University societies in the UK are a great way for postgraduate students to meet like-minded people in a social environment – joining one is a way to build new friendships, gain new interests and maybe even develop new skills.
Not only are they great fun, but they can also help all students – home and international – to settle in to their new university life. However, some societies are rather more obscure than others… but this doesn’t mean you should necessarily dismiss them out of hand.
Think back to your childhood… were you a big Winnie-The-Pooh fan? In an ordinary social situation, you probably wouldn’t start a conversation with someone you just met by talking about how much you like Winnie the Pooh. But if you are at one of the meetings of the Pembroke College Winnie-The-Pooh Society, expressing your love for the Pooh Bear at the beginning of every conversation is just another ordinary thing.
We all know that in everyday social situations it takes some time to break the ice and start talking about something “interesting” because we can never be sure how the other person will react. Indeed, it could be said that a conversation that we really enjoy rarely happens because neither we nor the other person dares to break the ice. But imagine you are attending a meeting of an odd university society whose name itself is provocative enough to break the social ice (just think of the names such as Bored Beyond Belief Society or Stitch & Bitch Society – yes these societies do actually exist!); you probably won’t need to spend hours on answering questions such as “What’s the weather like today?” and you will immediately start socialising in the way you always wanted to.
Is this opportunity to overcome the social norms that frequently hamper our everyday social life one of the reasons why the university societies with seemingly obscure mottos are so popular among students?
Let’s take Sheila & Her Dog Society as an example. This society encourages its members to regress back to their childhood and do any kind of childish things such as making cardboard crocodiles, watching cartoons, or reading children’s stories in silly voices. If you think better about it, telling your employer that you are spending your free time making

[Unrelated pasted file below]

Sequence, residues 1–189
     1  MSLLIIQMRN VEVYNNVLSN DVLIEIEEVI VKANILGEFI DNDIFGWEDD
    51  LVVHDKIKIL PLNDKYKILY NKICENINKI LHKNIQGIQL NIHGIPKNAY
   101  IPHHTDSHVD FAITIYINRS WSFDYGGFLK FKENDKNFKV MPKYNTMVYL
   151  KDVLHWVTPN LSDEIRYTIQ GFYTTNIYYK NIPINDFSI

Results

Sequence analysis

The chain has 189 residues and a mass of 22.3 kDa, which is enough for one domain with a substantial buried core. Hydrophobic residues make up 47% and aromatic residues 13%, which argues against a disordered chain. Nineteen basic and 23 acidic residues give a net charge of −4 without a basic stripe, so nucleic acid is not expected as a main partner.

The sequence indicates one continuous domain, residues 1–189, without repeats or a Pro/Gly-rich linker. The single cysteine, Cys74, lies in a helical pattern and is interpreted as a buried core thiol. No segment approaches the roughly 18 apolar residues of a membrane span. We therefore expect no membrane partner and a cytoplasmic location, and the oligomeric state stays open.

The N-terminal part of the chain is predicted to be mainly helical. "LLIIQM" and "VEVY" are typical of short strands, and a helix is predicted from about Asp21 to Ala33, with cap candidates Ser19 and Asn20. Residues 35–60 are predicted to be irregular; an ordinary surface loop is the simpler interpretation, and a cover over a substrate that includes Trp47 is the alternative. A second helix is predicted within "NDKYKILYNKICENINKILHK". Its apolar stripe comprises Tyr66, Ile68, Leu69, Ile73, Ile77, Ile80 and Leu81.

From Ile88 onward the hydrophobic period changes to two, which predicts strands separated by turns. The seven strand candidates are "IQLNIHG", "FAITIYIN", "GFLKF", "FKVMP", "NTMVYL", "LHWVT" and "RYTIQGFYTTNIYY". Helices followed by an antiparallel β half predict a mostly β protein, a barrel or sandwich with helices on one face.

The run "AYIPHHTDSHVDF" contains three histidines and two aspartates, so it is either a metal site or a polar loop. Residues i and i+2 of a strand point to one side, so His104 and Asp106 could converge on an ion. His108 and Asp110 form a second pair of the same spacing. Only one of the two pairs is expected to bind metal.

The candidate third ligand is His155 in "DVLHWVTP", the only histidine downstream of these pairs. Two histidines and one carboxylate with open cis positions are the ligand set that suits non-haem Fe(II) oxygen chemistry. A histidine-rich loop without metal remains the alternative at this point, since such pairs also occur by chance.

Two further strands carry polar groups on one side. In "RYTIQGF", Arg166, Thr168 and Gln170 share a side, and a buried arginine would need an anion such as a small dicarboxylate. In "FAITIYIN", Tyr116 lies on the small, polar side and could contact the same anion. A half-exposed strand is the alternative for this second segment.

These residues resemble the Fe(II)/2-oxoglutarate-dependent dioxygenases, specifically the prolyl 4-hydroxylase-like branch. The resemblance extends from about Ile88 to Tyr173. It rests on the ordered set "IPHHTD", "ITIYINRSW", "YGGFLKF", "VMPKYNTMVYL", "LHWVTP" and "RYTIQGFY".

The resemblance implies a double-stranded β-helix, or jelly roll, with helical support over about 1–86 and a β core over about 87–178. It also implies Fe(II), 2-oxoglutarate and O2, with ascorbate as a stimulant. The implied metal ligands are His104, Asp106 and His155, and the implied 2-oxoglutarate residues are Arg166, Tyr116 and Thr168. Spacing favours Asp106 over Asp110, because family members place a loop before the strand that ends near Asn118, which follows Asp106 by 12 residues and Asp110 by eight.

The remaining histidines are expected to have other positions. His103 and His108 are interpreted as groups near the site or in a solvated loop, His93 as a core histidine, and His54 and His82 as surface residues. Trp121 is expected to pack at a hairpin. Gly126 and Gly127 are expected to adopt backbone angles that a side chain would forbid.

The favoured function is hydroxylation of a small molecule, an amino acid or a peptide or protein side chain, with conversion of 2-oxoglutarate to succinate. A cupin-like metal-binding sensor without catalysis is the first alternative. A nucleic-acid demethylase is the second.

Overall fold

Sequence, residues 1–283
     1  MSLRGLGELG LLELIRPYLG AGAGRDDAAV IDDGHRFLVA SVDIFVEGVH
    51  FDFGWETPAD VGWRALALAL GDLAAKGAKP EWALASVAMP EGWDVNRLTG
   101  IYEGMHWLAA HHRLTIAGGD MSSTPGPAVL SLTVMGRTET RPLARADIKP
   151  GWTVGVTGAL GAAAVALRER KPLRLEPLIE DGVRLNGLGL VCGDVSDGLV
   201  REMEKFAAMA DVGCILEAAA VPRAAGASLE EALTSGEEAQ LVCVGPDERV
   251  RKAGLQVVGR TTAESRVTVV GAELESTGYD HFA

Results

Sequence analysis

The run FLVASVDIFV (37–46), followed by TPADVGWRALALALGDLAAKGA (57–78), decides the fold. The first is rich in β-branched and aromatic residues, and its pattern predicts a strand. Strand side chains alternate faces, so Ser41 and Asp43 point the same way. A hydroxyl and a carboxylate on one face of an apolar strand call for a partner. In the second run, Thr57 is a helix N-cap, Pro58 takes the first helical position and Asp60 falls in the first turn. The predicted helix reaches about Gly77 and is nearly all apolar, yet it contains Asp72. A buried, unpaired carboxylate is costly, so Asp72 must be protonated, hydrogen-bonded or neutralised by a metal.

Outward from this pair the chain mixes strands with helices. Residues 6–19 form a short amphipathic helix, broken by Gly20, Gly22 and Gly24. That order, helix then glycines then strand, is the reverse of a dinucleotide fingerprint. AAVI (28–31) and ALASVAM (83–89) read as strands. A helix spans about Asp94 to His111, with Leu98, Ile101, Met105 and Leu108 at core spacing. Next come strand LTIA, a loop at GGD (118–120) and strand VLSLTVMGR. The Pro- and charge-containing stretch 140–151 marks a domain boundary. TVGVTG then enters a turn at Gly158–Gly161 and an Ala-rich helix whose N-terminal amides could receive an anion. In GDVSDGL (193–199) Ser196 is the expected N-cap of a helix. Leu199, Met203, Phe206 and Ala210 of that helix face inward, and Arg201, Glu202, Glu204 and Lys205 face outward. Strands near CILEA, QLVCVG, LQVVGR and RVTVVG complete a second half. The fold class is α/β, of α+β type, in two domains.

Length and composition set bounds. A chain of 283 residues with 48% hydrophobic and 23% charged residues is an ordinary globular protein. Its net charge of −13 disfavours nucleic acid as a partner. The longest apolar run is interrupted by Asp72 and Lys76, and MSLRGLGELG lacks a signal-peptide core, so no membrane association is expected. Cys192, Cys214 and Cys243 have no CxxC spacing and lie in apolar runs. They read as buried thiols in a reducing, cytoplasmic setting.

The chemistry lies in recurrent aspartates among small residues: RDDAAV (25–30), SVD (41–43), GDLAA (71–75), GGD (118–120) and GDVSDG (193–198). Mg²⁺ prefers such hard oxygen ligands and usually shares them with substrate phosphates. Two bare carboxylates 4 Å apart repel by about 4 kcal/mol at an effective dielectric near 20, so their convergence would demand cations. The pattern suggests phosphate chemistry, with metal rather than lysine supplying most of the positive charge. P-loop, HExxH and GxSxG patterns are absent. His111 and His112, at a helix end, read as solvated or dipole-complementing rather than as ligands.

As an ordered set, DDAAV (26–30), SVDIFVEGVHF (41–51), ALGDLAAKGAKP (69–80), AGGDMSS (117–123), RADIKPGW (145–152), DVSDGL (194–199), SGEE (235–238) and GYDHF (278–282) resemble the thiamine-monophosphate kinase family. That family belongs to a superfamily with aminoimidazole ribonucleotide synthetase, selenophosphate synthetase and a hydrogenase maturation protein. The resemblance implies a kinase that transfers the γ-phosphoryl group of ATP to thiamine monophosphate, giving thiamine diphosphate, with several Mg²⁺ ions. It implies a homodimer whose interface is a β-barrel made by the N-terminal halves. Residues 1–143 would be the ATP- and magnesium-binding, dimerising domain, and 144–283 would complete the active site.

cardboard crocodiles won’t increase your future job prospects. Moreover, if you propose your friends to spend a day singing children’s songs or rolling in mud it is not likely that they will be thrilled. But once there is a university society that encourages that kind of behaviour people approve of it and make it a fascinating experience. Let’s admit it; we all want to do obscure things such as wrestling in custard (and yes there is a Custard Wrestling Society!), but we will never initiate them or even admit to our friends that we want to do them when they ask us. We have an inner voice telling us: “This is not something that you should do, and do not admit to someone that you would do it.” However, university societies give us the excuse to express our repressed urges by putting the blame on somebody else, and that’s why we like them!
Obscure societies uncovered!
These are some of the more unusual university societies amongst the many more that exist: The Assassins Guild Society This society at the University of Leeds encourages its members to “assassinate” each other by using water pistols, cardboard knives, and other highly dangerous weapons – definitely more interesting than playing video games.
Click here to check out how they do it.
The Extreme Ironing Society No one really likes to iron, but if you do it in a different way it can become interesting! Ironing on top of a mountain, on the boat, in the middle of the street – no location can be challenging enough for those who enjoy this modern day extreme sport. Check this video to see what extreme ironing is about.
The Beekeeping Society Members of this society hide their beehives around the university campus and enjoy in everything that is related to honey. Call them if you ever want to order a jar of homemade honey.
Bored Beyond Belief Society A good thing about hanging with a bunch of bored people is that anything that you say may sound interesting.
Sheila & Her Dog Society Who wouldn’t want to become a child again? Well at the University of Cambridge you can – read their constitution on this link .
Stitch & Bitch The interests of this university society are not as explicit as their title suggests. They are mainly interested in knitting, but sometimes you may find them drinking tea and discussing the ideas for their next knitting project.
20 Minute Society One of the more adventurous societies if racing against time is adventurous enough for you. Members of this society can receive a text message on any day between 9 and 11 a.m. giving them a certain location in the city, and they have to reach that location within 20 minutes.
Pembroke College Winnie-The-Pooh Society For all the Winnie-The-Pooh fans! You can read more about the society by checking their web-page .
The Custard Wrestling Society Probably the most obscure society on this list. If you don’t know what custard wrestling is, check this video.
Please send us any info about obscure societies at your uni – the weirder the better!